Test Shows Android Task Killers Are Still Useless

Carriers and manufacturers still often recommend the use of task killer apps on Android to speed up your phone and save battery life, but they can actually do more harm than good. PC World does a few real-world tests to show that they are, in fact, useless when it comes to saving battery.

We've talked about why you shouldn't use task killers before: Android memory doesn't work like PC memory, so clearing it out won't help your speed or battery life, and it could even kill processes you want to keep open. PC World actually did some real-world experimentation to back this up, trying out Advanced Task Killer on five different Android phones. They found that at best, it gave a 4.2 per cent increase in battery life, and at worst a 0.5 per cent decrease. If you wanted a bit more experimental evidence against the use of task killers, hit the link to check out their article. And, while you're at it, check out our features on how to actually increase battery life on your phone, speed up a sluggish Android device with a few other tricks or update your old phone with a custom ROM (since Android 1.6 doesn't manage tasks well enough on its own).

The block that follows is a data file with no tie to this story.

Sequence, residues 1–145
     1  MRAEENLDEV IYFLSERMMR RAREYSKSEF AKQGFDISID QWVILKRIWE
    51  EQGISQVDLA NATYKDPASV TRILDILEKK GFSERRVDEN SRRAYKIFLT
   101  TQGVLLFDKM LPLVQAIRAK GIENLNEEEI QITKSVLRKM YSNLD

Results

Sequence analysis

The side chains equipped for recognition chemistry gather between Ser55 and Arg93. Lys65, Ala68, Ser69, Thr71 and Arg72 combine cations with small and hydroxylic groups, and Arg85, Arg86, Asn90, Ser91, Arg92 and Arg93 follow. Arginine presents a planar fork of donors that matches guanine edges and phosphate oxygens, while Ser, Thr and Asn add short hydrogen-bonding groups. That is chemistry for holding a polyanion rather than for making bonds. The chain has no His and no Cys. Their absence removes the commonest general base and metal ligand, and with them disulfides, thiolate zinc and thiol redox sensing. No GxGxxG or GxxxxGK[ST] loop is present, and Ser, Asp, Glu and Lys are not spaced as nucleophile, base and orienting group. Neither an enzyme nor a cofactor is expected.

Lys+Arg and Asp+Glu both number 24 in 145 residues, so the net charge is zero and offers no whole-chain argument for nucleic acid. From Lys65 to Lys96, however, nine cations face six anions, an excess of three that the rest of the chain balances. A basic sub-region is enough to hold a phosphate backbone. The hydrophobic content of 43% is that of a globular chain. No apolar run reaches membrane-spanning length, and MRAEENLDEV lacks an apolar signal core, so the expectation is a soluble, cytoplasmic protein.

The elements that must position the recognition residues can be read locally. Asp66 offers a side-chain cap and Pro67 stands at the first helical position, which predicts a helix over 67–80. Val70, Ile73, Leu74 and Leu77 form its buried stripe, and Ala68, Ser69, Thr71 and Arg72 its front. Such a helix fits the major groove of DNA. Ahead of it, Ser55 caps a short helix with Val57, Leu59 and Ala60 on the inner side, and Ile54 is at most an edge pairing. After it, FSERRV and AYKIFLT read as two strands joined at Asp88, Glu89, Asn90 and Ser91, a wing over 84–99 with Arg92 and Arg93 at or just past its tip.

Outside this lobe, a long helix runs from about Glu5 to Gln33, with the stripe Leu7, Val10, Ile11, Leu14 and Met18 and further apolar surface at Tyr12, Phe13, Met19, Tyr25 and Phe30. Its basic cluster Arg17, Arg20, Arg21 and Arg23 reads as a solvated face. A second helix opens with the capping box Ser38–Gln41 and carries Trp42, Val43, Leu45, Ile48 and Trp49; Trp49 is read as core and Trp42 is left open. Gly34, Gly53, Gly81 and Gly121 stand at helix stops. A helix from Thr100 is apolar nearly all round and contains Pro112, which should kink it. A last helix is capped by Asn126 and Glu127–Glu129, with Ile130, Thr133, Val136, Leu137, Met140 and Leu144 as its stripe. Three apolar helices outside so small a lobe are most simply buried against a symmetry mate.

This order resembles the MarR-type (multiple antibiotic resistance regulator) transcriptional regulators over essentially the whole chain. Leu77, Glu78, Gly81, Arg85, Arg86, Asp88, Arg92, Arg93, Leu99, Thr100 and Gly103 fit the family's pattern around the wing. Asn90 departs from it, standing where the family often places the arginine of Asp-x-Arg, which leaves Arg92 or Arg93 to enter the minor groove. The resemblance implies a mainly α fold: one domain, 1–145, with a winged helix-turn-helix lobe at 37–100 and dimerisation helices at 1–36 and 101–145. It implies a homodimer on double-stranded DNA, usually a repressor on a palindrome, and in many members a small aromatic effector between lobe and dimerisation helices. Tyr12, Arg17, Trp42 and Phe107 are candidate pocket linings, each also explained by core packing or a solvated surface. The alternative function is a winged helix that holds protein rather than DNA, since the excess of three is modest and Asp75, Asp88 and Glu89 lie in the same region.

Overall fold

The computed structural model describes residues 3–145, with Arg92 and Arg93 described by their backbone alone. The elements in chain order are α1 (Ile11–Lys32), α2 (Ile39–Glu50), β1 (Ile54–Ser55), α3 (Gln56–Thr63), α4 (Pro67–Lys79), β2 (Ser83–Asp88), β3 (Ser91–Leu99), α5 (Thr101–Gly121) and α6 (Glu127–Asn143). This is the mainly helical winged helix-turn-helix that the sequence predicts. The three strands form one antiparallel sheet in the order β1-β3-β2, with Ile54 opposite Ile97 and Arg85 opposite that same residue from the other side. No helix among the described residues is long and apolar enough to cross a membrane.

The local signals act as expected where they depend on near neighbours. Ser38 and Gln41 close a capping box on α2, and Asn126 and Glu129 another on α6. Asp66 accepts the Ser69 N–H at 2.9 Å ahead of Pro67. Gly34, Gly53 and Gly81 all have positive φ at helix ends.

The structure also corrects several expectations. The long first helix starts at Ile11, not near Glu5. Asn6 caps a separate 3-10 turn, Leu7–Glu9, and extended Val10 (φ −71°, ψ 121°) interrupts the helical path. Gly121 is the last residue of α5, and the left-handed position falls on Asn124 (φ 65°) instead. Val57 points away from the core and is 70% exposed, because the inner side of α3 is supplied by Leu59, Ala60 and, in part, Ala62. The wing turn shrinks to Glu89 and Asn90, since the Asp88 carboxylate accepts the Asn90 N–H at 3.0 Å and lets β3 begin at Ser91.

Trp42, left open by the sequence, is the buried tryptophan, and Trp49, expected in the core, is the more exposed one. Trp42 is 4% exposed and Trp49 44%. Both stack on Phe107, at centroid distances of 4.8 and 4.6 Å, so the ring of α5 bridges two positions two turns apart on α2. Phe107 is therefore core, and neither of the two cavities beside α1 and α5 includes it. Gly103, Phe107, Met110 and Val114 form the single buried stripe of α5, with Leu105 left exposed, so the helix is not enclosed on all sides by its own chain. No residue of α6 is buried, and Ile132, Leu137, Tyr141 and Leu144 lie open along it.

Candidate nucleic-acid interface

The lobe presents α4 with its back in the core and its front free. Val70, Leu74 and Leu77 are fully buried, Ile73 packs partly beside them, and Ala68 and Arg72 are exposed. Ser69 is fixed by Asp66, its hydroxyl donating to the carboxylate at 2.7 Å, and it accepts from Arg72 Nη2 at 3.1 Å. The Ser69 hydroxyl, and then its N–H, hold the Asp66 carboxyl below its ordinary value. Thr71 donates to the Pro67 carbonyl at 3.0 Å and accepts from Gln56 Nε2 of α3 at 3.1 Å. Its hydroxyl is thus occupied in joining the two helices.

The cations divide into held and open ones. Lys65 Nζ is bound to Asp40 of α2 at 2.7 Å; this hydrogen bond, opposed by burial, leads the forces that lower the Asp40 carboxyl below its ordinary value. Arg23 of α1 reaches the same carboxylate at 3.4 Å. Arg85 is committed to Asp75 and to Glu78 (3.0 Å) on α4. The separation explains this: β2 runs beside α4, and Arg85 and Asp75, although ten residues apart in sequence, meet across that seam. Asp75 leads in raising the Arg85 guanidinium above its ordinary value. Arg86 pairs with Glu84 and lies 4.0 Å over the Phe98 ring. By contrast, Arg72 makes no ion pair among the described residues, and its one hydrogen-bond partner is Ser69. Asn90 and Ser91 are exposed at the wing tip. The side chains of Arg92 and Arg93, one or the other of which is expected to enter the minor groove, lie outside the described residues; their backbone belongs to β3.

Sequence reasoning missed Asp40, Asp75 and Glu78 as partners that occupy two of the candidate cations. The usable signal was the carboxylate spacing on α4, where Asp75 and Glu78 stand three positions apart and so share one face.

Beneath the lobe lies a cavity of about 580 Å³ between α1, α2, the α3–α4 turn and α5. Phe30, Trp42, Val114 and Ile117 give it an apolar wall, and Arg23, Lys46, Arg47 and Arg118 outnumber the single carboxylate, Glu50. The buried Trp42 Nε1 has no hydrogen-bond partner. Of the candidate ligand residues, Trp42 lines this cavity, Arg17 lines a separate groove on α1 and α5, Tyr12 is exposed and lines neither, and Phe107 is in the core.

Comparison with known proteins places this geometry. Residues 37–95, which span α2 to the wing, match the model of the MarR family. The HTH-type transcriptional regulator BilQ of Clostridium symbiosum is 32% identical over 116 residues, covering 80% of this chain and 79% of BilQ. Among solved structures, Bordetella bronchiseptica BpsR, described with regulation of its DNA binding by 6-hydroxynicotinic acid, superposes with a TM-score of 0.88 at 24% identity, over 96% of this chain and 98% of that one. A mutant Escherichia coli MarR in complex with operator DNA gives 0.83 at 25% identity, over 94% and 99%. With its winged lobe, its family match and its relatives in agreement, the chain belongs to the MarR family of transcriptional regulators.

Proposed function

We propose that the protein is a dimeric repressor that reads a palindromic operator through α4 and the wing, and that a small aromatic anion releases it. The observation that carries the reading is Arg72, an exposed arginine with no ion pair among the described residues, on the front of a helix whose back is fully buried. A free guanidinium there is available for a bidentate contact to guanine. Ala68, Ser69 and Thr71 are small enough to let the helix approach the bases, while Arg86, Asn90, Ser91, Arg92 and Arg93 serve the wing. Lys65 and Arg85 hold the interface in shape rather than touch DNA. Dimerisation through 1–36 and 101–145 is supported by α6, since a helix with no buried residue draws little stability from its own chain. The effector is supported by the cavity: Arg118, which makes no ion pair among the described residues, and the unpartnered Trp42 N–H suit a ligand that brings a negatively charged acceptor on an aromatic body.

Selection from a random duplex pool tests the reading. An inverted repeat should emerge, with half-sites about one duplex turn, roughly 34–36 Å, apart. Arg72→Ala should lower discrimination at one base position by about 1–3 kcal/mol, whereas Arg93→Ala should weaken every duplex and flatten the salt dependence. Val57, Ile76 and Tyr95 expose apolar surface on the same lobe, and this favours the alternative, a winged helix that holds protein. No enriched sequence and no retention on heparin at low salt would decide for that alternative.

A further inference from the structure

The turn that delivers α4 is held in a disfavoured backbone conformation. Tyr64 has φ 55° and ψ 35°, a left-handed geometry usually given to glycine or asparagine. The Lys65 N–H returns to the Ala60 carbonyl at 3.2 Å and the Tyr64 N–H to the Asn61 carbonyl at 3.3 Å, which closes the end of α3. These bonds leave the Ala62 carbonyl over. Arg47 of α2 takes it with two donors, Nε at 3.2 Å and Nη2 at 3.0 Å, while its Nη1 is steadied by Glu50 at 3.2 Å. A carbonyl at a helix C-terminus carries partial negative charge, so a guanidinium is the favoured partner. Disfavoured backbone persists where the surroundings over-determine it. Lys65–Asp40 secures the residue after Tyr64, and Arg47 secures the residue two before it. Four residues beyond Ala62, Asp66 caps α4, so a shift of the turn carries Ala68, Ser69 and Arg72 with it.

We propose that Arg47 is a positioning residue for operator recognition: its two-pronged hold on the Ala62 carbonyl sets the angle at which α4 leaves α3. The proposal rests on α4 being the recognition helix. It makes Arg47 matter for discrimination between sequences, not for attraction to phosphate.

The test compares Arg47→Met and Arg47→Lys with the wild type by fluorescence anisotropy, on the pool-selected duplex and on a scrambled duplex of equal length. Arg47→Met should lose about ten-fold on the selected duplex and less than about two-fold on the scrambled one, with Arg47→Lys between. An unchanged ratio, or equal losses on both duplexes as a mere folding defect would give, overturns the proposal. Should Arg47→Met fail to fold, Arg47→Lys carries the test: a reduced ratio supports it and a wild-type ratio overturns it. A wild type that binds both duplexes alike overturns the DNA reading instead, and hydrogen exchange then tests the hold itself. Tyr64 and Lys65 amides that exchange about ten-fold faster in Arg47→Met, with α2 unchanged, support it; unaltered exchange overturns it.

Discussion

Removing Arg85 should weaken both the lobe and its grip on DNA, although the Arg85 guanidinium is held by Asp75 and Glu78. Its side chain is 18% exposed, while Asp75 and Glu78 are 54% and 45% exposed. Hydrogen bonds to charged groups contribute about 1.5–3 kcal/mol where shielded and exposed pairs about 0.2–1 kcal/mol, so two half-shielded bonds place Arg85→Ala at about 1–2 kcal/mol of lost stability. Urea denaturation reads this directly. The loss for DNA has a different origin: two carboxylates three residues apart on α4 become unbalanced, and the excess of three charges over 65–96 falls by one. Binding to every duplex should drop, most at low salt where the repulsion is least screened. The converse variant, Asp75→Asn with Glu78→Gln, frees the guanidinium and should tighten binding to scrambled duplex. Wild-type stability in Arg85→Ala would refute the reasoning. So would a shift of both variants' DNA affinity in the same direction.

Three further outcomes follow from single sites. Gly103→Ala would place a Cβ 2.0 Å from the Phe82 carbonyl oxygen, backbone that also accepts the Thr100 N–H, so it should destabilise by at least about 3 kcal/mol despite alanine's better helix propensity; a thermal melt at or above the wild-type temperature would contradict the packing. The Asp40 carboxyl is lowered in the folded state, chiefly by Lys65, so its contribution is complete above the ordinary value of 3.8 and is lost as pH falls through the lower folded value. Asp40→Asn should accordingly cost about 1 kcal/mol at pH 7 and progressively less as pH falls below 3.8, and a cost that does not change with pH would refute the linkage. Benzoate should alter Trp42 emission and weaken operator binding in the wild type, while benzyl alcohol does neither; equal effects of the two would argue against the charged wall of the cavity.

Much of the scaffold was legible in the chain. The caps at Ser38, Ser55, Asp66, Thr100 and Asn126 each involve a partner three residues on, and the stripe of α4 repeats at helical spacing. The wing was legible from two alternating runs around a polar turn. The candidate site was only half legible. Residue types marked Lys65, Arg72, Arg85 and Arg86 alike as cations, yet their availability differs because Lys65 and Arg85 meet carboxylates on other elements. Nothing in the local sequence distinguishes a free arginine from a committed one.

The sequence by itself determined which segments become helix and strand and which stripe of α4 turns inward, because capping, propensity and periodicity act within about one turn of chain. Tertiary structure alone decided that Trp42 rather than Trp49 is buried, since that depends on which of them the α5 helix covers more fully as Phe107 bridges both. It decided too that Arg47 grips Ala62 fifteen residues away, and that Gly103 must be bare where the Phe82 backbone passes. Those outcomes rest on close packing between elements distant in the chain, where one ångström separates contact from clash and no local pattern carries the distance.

Task-Killer Apps: Will They Help or Hurt Your Battery Life? [PC World]


Comments

    Common Knowledge i thought :|

    Nobody is recommending task killers anymore. Dead and buried.

    "They found that at best, it gave a 4.2 per cent increase in battery life, and at worst a 0.5 per cent decrease."

    Sounds to me like it does work then. Or perhaps a better summary is more appropriate?

    Problem with all these bloody tests is I want to know ho much extra battery I get when NOT using the phone, as this is where it counts.
    All but the most braindead numbskull would understand that using a phone drains battery the most, but given most time is spent in a 'sleep' state - this is what we really want to extend...

    4.2 percent can still make a difference, that's like an extra hour per day.
    I tend to use one just to close things I know I'm not going to use again for a day or so (maps for instance), but for stuff I regularly use like Facebook or messaging I just leave them in memory.

    ok this question is probably redundant, but does turning off the gps function do anything either?

      Oh, I'm talking about a tablet by the way

    Easy, get an SGS2 which under fairly normal use could get me two days use. I still charge it every day so I know I've got spare fuel in the tank if I ever do have to stretch it.

    “They found that at best, it gave a 4.2 per cent increase in battery life, and at worst a 0.5 per cent decrease.”

    ummm with those figures I would take the risk of using it. worse off 0.5% for chance to be in front 4.2%, pretty easy decision? i'll have to read the article now dammit.

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